Also, consider that assets in a 529 plan owned by the parent or student count against financial aid on the FAFSA, or Free Application for Federal Student Aid. But what you have in a 529 for a grandchild doesn’t.

However, once you start withdrawing money for your grandchild to use for college, it counts as untaxed income to the student — that’s when it can impact their financial aid, so it’s important to keep this in mind and plan accordingly.

2. Take advantage of penalty-free scholarship withdrawals

Another option is to withdraw some of the money for other uses if your child finds a scholarship.

“If a child receives a scholarship, a withdrawal may be taken in an equal amount up to the tax-free scholarship,” Higgins said. “The withdrawal will be subject to the federal income tax on earnings, but the 10% penalty will not apply.”

A scholarship can be a great way to pay for school. It reduces what you need to pay and what your child needs to borrow. Prepare as much as possible with a 529 plan, and know that you have options if your child gets a scholarship.

Of course, if you don’t want to pay taxes on the earnings, you can revert to naming a new beneficiary so someone else can use the money.

3. Use it for your continuing education — or your family’s repayment

Even you can benefit from the leftover money in a 529 plan. The 529 plan penalty doesn’t apply if you become the beneficiary and use the money for qualified educational expenses.

So if you dream of going back to school, now is your chance — especially since you can do it penalty-free. Just be sure to save your receipts and only make withdrawals for tuition payments due during the same tax year.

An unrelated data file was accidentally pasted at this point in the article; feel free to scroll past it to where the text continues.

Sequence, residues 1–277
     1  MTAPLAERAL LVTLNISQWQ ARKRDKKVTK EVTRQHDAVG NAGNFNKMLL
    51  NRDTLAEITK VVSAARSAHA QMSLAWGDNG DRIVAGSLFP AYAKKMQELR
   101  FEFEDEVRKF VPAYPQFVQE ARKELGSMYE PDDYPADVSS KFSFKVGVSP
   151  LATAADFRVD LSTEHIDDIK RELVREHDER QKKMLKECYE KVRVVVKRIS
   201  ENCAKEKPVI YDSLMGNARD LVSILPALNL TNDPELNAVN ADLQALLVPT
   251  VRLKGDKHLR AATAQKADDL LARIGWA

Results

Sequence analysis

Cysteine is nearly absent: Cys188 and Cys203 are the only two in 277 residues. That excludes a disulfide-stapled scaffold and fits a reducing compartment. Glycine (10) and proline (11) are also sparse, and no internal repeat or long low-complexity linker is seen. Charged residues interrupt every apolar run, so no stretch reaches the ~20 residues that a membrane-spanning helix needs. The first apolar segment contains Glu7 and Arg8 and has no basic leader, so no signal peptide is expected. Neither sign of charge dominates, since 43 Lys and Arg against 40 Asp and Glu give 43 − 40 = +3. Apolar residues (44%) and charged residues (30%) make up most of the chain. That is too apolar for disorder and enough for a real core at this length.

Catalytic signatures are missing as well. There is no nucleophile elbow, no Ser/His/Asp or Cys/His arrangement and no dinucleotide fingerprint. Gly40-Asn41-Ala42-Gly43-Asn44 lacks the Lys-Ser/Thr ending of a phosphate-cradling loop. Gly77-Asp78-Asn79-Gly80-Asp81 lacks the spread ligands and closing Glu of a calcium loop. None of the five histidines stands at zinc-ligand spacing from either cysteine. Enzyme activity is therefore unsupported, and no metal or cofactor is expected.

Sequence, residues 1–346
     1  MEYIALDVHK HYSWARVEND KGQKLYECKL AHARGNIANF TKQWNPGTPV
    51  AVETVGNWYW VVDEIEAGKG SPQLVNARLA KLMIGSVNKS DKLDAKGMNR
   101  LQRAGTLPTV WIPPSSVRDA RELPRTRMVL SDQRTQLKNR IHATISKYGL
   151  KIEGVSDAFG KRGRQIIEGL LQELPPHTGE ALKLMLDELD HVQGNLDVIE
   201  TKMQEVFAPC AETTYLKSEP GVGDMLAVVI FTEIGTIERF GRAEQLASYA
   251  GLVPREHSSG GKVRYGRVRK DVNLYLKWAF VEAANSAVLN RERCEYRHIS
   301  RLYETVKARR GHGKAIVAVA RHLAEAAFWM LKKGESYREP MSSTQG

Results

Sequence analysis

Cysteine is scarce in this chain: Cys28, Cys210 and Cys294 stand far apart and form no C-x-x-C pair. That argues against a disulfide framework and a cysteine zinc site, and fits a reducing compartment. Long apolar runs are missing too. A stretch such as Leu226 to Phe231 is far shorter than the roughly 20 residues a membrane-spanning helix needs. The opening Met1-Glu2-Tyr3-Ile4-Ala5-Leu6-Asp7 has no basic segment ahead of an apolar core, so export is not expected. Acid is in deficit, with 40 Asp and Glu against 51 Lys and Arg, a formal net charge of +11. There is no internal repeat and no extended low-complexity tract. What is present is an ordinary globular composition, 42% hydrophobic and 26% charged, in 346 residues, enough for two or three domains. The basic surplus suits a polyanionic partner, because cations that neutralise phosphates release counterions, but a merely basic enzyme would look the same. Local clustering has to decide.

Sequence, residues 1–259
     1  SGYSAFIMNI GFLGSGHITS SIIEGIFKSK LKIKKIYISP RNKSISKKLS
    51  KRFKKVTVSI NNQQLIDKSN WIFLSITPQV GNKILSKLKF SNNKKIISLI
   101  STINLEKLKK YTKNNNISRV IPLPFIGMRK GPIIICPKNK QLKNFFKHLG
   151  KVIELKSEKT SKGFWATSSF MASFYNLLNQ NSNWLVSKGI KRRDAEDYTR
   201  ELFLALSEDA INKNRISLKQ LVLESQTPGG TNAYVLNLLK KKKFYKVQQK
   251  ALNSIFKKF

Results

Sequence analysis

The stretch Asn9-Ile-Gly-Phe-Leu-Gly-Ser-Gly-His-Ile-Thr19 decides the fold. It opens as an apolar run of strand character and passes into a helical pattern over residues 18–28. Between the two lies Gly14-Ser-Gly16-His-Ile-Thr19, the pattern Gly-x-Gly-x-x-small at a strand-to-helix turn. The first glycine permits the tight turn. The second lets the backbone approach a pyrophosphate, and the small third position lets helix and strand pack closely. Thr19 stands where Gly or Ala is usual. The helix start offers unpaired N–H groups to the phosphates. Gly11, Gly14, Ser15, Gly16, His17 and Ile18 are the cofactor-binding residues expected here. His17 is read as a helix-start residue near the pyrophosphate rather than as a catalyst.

And if you’ve been there, done that on campus, you could use up to $10,000 of your 529 plan balance to repay existing student loans (or those of your siblings). The $10,000 lifetime limit comes via the House Ways and Means Committee’s Secure Act, which was passed into law in Dec. 2019. .

Like with using 529 funds to go back to school, putting your 529 toward student loans would require naming yourself the account beneficiary. Or you could withdraw funds for the current account beneficiary — your child or grandchild — to repay their student loan debt if they have any.

No student debt in the family? No problem. You could always leave the leftover 529 money where it is, allow it to grow. Perhaps, down the road, a great-grandchild will employ it one day to avoid student loans.

Carefully consider your 529 plan withdrawals

In the end, you want to manage your withdrawals to minimize the 529 plan penalty. If possible, take steps to ensure that the money is used for qualified expenses, such as using a 529 to pay student loans off. That way, you avoid taxes on the earnings and stay away from the 10% penalty.

However, there are times when you might not be able to use the money for qualified education expenses. Or maybe you decide you need the money for something else — if that’s the case, it might be worth it to go ahead and accept the taxes and penalty to get access to the capital. You might use the funds to pay down other debt or accomplish another financial goal.